Effects of COVID-19 on Depression Symptoms in the Adult Population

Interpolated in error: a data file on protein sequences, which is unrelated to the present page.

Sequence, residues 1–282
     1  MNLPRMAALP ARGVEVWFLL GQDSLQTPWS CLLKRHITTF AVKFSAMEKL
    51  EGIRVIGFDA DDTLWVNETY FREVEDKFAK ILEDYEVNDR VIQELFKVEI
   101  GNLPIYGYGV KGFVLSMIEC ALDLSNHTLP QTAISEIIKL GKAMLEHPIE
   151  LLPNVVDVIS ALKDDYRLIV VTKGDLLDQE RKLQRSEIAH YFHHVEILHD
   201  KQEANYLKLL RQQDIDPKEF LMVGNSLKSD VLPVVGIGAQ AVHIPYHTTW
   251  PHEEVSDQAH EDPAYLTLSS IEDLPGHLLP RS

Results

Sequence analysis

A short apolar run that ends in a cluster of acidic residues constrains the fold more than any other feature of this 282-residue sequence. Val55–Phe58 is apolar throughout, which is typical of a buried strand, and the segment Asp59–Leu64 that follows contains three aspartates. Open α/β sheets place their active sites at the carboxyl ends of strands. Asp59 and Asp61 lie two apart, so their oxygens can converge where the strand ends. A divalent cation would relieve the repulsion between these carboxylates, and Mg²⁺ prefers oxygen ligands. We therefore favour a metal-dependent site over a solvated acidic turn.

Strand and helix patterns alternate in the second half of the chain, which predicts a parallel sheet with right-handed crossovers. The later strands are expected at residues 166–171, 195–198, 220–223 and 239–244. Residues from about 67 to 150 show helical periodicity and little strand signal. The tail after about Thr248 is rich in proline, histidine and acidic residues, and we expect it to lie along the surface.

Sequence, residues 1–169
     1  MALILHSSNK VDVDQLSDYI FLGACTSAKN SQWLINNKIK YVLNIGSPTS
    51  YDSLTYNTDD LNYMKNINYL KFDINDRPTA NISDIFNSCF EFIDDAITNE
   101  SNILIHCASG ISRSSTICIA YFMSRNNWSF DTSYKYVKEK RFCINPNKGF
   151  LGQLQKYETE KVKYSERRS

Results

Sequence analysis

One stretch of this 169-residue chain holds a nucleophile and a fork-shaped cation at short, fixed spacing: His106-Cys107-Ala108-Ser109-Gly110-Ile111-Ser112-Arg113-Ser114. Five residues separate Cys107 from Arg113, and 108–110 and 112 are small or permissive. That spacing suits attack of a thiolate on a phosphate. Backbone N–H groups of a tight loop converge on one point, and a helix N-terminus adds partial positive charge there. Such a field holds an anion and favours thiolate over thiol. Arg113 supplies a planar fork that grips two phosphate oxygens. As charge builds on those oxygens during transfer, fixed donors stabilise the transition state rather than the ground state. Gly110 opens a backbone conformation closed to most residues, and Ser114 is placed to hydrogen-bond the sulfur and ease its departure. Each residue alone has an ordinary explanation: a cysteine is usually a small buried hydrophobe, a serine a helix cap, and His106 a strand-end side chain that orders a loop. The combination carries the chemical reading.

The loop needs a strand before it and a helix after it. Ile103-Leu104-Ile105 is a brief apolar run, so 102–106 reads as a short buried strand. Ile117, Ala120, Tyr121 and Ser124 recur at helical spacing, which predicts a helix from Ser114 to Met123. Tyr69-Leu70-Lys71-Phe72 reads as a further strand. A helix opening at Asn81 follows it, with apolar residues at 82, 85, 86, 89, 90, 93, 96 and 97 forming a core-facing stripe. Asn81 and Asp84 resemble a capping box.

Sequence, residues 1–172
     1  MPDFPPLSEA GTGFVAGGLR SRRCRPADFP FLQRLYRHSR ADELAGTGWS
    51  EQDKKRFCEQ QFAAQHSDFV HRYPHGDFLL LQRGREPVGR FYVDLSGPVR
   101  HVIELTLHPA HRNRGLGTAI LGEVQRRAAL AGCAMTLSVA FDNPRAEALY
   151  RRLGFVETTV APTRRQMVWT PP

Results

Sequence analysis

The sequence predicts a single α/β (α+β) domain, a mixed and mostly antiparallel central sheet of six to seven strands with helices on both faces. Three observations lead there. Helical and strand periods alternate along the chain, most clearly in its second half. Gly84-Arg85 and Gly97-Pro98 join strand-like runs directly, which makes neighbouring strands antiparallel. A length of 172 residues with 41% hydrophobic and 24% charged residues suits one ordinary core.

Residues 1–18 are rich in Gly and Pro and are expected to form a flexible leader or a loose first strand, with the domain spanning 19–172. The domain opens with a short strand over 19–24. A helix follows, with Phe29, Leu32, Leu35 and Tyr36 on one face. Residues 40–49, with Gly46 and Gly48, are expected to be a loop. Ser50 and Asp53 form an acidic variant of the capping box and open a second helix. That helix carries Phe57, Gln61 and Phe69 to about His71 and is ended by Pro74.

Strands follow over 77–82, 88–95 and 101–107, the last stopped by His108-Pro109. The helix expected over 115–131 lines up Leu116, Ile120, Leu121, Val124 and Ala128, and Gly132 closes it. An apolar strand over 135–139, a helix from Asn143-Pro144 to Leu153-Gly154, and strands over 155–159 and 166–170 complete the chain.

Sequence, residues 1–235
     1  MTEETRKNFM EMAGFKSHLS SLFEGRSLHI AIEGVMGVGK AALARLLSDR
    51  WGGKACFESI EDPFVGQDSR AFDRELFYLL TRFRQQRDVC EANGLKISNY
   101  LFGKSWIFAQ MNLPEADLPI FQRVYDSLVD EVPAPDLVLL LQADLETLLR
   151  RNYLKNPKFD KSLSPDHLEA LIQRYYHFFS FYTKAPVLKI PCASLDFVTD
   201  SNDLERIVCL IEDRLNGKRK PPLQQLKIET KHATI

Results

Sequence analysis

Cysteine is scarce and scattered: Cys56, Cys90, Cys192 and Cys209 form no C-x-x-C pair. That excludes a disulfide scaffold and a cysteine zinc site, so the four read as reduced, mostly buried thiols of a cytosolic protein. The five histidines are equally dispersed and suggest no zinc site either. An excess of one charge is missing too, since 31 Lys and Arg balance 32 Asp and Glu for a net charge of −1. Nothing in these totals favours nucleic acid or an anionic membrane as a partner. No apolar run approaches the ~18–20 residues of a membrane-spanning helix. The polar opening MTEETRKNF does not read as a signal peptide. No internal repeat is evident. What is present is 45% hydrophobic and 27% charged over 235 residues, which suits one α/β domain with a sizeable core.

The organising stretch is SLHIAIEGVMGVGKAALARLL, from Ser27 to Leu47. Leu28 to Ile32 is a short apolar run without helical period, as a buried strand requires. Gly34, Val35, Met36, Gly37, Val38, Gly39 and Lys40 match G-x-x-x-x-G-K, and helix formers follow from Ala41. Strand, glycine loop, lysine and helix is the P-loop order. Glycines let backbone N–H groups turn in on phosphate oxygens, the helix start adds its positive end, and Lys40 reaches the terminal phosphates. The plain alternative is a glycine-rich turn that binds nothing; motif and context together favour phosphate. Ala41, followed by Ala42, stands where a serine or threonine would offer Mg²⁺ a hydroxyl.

The recent coronavirus pandemic of 2019 (COVID-19) is causing increased isolation because of quarantines and social isolation. Job loss has caused worry about whether one can pay bills and meet the necessities of life. COVID-19 has affected everyone at some level. Understanding the effects it has on a patient's mental health is essential. Ozdin and Ozdin (2020) “state women and individuals with previous mental illnesses are most affected by the COVID-19 pandemic.” This study measured depression, anxiety, and health anxiety levels during the pandemic. Chew et al. (2020) “studied psychosocial responses of the general population towards previous severe acute respiratory syndrome epidemics.” Common themes were found: anxiety, fear, depression, anger, guilt, grief, and loss. The takeaway is focus needs placed on awareness of psychosocial needs and access to psychological help during the COVID-19 outbreak. This evidence-based project (EBP) aims to identify the effect COVID-19 has had on symptoms of depression in the adult population. Participants were each given a Patient Health Questionnaire-9 (PHQ-9) and quantitative survey at their initial visit. Current patients of family practice, age 18 and older, were invited to participate in this evidence-based project (EBP), and informed consent will be signed that outlines the project. Participants received a follow-up call six weeks later. During this call, participants received the PHQ-9 questionnaire again, and a survey was constructed to determine the benefit of the handout. Their pre-COVID PHQ-9 was compared with their current PHQ-9 to determine the effects of COVID-19 on trending depressive symptoms in this population. This study analyzed survey trend results to understand better the long-term mental health effects of COVID-19 on the adult population. Results showed an increase in participants' PHQ-9 scores during the pandemic compared to pre-pandemic PHQ-9s. PHQ-9s are done post- intervention demonstrated guided imagery is beneficial in reducing depression. The spiritual information that participants took also showed beneficial for participants. There are few studies currently available as this is a new pandemic. This study and more like it are needed better to understand the effects of COVID-19 on mental health.